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09.04.2008

A Real Nigerian Wine Scam

Anyone who has an e-mail account and has checked it at least once in the last 10 years has probably received an e-mail that begins:

DEAR SIR,

CONFIDENTIAL BUSINESS PROPOSAL

HAVING CONSULTED WITH MY COLLEAGUES AND BASED ON THE INFORMATION GATHERED FROM THE NIGERIAN CHAMBERS OF COMMERCE AND INDUSTRY, I HAVE THE PRIVILEGE TO REQUEST FOR YOUR ASSISTANCE TO TRANSFER THE SUM OF $47,500,000.00 (FORTY SEVEN MILLION, FIVE HUNDRED THOUSAND UNITED STATES DOLLARS) INTO YOUR ACCOUNTS.

Known as the Nigerian Scam, or more properly an Advanced Fee scam, this sort of fraud has been incredibly successful, despite what may seem to some as its completely over-the-top implausibility. Apparently a lot of compassionate (and in particular elderly) Internet users have lost a lot of money to the scammers, many of whom are actually from Nigeria.

In jest, inspired by an e-mail from my friend Jack, I created little post about a year ago entitled The Nigerian Wine Scam as a joke. Maybe not a very well executed one, but some people got a chuckle out of it.

But now, reality has again trumped my own vain efforts at humor.

There really is a Nigerian Wine Scam. Not of the e-mail variety, of course, but of the much more dangerous bottled variety.

Nigeria is home to some excellent sounding wines, with names like "Bacchus Tonic Wines," "Eva Wines," and "Blue Cocktail Wines." Unfortunately while these are legitimate brands of alcoholic beverages, someone in Abuja, Nigeria has been re-using the bottles, corks, and labels of these brands to produce fakes that are not only not as tasty, they are downright dangerous.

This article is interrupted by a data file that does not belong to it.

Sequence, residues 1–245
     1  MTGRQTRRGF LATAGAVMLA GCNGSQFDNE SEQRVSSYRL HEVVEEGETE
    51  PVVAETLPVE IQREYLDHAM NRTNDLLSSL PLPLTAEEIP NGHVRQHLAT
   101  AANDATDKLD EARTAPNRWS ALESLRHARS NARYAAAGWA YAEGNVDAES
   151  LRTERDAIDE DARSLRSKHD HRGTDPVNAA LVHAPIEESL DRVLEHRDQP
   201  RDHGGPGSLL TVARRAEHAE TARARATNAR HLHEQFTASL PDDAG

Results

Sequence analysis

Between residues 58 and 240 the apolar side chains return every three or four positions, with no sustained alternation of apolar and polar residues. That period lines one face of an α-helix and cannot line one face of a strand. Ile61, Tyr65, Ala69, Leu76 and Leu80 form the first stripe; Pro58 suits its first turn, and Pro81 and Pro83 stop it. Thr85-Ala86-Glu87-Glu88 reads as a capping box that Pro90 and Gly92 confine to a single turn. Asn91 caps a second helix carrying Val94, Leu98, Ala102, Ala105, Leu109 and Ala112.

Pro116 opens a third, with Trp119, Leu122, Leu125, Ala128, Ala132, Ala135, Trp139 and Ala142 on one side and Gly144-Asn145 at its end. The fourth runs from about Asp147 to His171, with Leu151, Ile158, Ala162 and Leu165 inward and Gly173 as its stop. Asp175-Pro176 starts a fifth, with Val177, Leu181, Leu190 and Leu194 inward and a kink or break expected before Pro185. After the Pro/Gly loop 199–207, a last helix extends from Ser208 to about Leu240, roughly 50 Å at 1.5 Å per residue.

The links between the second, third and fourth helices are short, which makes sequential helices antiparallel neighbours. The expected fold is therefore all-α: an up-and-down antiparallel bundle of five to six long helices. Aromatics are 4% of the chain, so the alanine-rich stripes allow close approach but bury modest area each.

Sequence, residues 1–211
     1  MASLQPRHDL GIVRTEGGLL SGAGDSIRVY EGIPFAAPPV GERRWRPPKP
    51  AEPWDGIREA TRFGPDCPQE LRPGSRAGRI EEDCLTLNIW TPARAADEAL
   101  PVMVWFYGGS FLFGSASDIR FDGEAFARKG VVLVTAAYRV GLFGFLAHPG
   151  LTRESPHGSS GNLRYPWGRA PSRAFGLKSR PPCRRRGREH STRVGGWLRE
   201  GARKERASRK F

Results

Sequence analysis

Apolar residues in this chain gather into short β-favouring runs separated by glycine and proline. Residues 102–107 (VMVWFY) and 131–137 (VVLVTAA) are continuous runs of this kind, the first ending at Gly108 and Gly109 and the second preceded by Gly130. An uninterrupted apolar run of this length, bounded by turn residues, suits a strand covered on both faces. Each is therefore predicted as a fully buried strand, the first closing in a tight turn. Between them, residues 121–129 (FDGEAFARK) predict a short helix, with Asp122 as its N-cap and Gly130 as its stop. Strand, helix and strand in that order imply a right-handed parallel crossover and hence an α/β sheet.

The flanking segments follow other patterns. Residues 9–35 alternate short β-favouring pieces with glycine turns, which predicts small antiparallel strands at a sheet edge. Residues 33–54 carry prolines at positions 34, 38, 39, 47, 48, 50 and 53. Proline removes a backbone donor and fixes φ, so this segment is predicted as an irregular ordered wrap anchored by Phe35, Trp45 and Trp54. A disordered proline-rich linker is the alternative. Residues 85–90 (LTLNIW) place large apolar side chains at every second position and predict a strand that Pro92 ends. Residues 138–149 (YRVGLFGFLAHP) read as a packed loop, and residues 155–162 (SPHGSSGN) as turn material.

Reportedly concocted of "caramel, vanilla flavour, red and blue colouring substance, alum grains, gum Arabic, among others" according to The Punch, a Nigerian Online Newspaper, these "wines" also contained sachet water -- water from small, often hand tied, plastic sachets that have become popular sources for drinking water in Africa in recent years.

These sachets are widely regarded by the scientific and medical communities as being extremely unreliable in their manufacture (not to mention completely unregulated), and tests have shown that sachets can contain everything from extremely high levels of toxic heavy metals to all manner of water borne pathogens and microbiological contaminents (can you say faecal coliforms?).

To wit: the dangers to anyone who might opt for a glass or two of Bacchus Tonic apparently include entero-gastritis, diarrhea, dysentery, typhoid, cholera, and organ damage. Not to mention a pretty disgusting taste in your mouth.

So next time you get an e-mail offering you the chance to receive a one time shipment of Grand Cru Nigerian wine, just hit delete.

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